Teaching Spelling to a whole class in secondary school. by @davowillz

Name: David Williams
Twitter name: @davowillz
Sector: Secondary
Subject taught (if applicable): English
Position: KS4 English Coordinator
What is your advice about? Teaching Spelling to a whole class in secondary school.

  1. Give pupils a standardised spelling test in Y7 to screen for significant difficulties. Repeat this test at the end of term to check for progress.
  2. Identify a sound that some pupils are getting wrong (ie in believe for example. Get pupils to write out all or lots of words with the same sound and spelling (field thief relieve believe etc).
  3. Model sounding out aloud and writing these words (beware schwa). Then get pupils to do this themselves.
  4. Quiz pupils on this list at random over the next few lessons. Repeat sounding out and writing if necessary.
  5. Teach words with the same sound but different spelling at an entirely different time to avoid confusion.
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Top 5 books that an English NQT should read by @teach_smith

Name: Daniel Smith
Twitter name: @teach_smith
Sector: Secondary
Subject taught (if applicable): English
Position: Teacher
What is your advice about? Top 5 books that an English NQT should read

  1. Making Every English Lesson Count
  2. Reading Reconsidered
  3. The Writing Revolution
  4. Elements of Eloquence
  5. Shakespeare on Toast

Five art terms for a sophisticated discussion of literature by @JamesTheo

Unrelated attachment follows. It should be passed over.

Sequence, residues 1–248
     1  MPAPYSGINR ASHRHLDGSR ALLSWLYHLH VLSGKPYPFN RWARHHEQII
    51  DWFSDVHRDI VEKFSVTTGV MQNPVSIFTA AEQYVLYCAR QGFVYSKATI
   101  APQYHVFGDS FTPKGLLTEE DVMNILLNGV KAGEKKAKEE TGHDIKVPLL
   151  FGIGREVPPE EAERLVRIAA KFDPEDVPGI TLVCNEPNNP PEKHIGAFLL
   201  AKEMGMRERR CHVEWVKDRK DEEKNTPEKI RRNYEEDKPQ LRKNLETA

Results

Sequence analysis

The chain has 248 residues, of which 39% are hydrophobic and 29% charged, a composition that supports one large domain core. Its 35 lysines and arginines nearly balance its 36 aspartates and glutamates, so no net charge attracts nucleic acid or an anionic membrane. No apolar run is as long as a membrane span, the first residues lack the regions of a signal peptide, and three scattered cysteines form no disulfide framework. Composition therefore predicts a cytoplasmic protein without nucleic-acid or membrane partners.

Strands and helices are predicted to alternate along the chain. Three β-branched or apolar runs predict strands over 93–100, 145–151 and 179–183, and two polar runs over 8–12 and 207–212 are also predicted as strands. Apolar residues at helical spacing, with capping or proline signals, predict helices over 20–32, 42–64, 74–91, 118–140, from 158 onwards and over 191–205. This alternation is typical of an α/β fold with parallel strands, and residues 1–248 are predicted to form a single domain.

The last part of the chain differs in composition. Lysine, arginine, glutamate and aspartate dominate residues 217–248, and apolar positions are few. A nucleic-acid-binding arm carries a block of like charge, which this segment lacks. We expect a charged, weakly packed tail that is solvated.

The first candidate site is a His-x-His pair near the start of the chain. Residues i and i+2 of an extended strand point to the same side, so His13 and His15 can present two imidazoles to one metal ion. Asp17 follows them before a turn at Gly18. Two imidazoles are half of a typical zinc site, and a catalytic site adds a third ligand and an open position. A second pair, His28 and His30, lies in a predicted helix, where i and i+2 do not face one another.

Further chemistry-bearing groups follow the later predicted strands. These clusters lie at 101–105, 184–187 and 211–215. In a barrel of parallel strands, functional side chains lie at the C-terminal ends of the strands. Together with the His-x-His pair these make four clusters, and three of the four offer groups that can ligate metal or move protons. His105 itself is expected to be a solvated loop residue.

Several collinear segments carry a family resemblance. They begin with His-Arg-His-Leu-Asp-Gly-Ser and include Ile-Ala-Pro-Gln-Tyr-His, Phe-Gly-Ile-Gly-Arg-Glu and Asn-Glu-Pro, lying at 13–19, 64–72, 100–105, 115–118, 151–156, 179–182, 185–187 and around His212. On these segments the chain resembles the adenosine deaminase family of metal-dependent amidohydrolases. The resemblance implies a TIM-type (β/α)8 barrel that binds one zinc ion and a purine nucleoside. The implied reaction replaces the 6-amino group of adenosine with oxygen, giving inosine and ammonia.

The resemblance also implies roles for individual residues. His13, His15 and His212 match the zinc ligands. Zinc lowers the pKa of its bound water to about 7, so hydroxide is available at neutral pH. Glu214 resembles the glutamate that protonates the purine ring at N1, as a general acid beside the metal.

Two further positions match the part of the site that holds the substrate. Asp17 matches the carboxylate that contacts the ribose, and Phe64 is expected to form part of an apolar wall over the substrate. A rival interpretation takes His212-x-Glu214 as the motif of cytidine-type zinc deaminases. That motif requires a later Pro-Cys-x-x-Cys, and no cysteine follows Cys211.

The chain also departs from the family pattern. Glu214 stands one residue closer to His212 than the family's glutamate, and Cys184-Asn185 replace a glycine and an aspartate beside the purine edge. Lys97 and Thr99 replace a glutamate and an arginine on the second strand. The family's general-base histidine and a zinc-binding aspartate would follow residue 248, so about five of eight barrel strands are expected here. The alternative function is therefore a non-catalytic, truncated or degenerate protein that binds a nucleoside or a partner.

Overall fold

Name: James Theobald
Twitter name: JamesTheo
Sector: Secondary
Subject taught (if applicable): English
Position: Teacher
What is your advice about? Five art terms for a sophisticated discussion of literature

  1. Mimesis: representation or imitation of the real world in art and literature. “The witches’ prophecy that Banquo “shalt get kings” is mimetic: James I is a descendent of the real Banquo.”
  2. Ekphrasis: a description of a work of art, either real or imagined. “The opening of Browning’s poem, ‘My Last Duchess’, is ekphrastic – the poet details how the artist has expertly depicted the duchess’ features.”
  3. Chiaroscuro: the juxtaposition of light and dark. “Stevenson’s clever use of chiaroscuro emphasises the sudden change of mood as the ‘brilliantly lit’ moon is at once annihilated by the ‘fog roll[ing] over the city’.”
  4. Caricature: the depiction of a person or thing using magnification or exaggeration of its characteristics for satirical, comic or grotesque effect. “In ‘Animal Farm’, Orwell caricatures with unfailing accuracy the machinations of Soviet propaganda…”
  5. Baroque: highly ornate or extravagant in style. “Shakespeare combines baroque language with mispronunciation to highlight Bottom’s pretentiousness: the character sees himself as a ‘lofty’ performer who ‘will move storms’ and ‘ask some tears’, yet he mispronounces the title character as ‘Thisne’.”